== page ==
Although Toronto has been starved of a major sporting championship for nearly 25 years, the fans continue to show up through the good times and the bad. It wasn't long ago when the Raptors and Blue Jays were bottom-feeder teams, but over the past several years they've evolved into playoff mainstays. The Maple Leafs are still floating in the mid-tier, but with rookie sensation Auston Matthews at the helm, better days for hockey-crazed Canadians should soon be on the horizon. Matthews, American-born, Arizona-raised son of a Mexican immigrant scored four goals in his first NHL game, and he hasn't looked back since.
Matthews is the next great hope for Leafs fans, but athletes who spend any considerable portion of time in Toronto admit the culture of the city has a gripping effect which breeds an undying drive for success. Three-time NBA All-Star and Raptors shooting guard DeMar DeRozan had the opportunity to leave Toronto over the summer when he became a free agent. Many teams, including his hometown Los Angeles Lakers, were in position to acquire his services, but instead he opted to sign a new five-year deal which will likely keep him in Toronto for the remainder of his prime playing years.
DeRozan could have moved on to a new team for any number of reasons, but instead he stayed put. That won't always be the case with superstar athletes. However, he says in this circumstance, the time he'd already commitment to the Raptors – and the entire country of Canada – weighed heavily in his decision.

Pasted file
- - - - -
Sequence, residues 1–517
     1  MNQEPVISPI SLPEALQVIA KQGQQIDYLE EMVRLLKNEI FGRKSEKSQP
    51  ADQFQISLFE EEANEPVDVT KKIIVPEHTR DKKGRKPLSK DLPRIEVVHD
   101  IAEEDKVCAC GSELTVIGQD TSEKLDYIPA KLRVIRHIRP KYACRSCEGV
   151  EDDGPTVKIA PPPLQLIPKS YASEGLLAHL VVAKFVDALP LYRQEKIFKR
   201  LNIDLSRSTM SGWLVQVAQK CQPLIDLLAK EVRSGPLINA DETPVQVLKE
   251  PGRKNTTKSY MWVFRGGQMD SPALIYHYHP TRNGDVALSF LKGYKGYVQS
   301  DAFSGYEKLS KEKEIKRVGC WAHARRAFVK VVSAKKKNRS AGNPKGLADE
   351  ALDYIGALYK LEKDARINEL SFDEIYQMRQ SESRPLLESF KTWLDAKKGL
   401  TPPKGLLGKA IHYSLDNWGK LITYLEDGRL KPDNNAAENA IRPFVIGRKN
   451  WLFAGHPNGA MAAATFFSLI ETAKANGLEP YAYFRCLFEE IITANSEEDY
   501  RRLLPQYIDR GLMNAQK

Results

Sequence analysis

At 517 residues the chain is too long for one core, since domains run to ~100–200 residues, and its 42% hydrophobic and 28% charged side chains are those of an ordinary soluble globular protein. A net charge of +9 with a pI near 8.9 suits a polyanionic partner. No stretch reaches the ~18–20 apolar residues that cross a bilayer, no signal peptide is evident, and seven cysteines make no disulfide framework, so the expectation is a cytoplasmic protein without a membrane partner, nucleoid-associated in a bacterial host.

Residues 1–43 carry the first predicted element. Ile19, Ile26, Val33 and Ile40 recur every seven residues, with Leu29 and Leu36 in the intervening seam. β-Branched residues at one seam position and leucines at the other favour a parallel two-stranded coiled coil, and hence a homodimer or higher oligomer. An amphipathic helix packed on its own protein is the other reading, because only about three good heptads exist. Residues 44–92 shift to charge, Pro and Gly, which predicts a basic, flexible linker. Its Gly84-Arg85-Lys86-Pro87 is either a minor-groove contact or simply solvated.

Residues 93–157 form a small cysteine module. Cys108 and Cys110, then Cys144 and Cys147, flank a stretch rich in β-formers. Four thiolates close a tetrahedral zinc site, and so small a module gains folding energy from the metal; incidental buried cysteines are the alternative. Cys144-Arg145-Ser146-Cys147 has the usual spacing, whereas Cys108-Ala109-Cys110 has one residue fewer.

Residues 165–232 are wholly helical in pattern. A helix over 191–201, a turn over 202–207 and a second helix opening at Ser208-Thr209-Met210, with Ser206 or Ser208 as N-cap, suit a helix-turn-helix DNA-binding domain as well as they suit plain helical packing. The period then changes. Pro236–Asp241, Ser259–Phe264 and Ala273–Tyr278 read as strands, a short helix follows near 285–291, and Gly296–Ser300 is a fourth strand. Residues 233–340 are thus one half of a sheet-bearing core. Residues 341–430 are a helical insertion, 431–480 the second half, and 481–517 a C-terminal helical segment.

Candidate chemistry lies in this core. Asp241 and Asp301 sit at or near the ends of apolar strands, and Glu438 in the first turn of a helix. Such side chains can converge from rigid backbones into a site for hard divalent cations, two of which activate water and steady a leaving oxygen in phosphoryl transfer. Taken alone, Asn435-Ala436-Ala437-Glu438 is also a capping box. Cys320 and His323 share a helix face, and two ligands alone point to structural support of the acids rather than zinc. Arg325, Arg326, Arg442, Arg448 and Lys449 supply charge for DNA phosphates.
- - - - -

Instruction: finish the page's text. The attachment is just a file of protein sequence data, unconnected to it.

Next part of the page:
"I put my blood, sweat, and tears into this organization and I wasn’t done yet," DeRozan says. "Since I've been here, my whole goal, since I first got here, was to make this whole city and this whole country be known. It’s like we always got the short end of the stick. I always took pride and passion in wanting to change that."
The mentality of Toronto sports fans has evolved from defeatist to excited and perhaps somewhat entitled over the past few years. The athletes have given them every reason to feel that way, but there is still an untapped level of fandom which could be unleashed with a major championship win.
In 2015, Toronto was named the second most miserable sports city in North America behind Cleveland. A year later, in 2016, it didn't even rank on the list, and that's because fans have been given plenty to cheer for.
Sports results are unpredictable and sporadic, so it's inevitable another down period will arise in the future. However, Maple Leafs rookie Mitch Marner, who was born in Ontario and grew up a fan of the team he now plays for, believes that as long as the athletes continue to deliver their best efforts, fanfare won't fall off regardless of the highs or the lows.
"To be playing in front of these fans for real, it's pretty crazy," Marner says. "We've got to always play like it's the most important game to us and it'll become the most important game to them. That's up to us. The excitement from the city will be there and then it's up to us."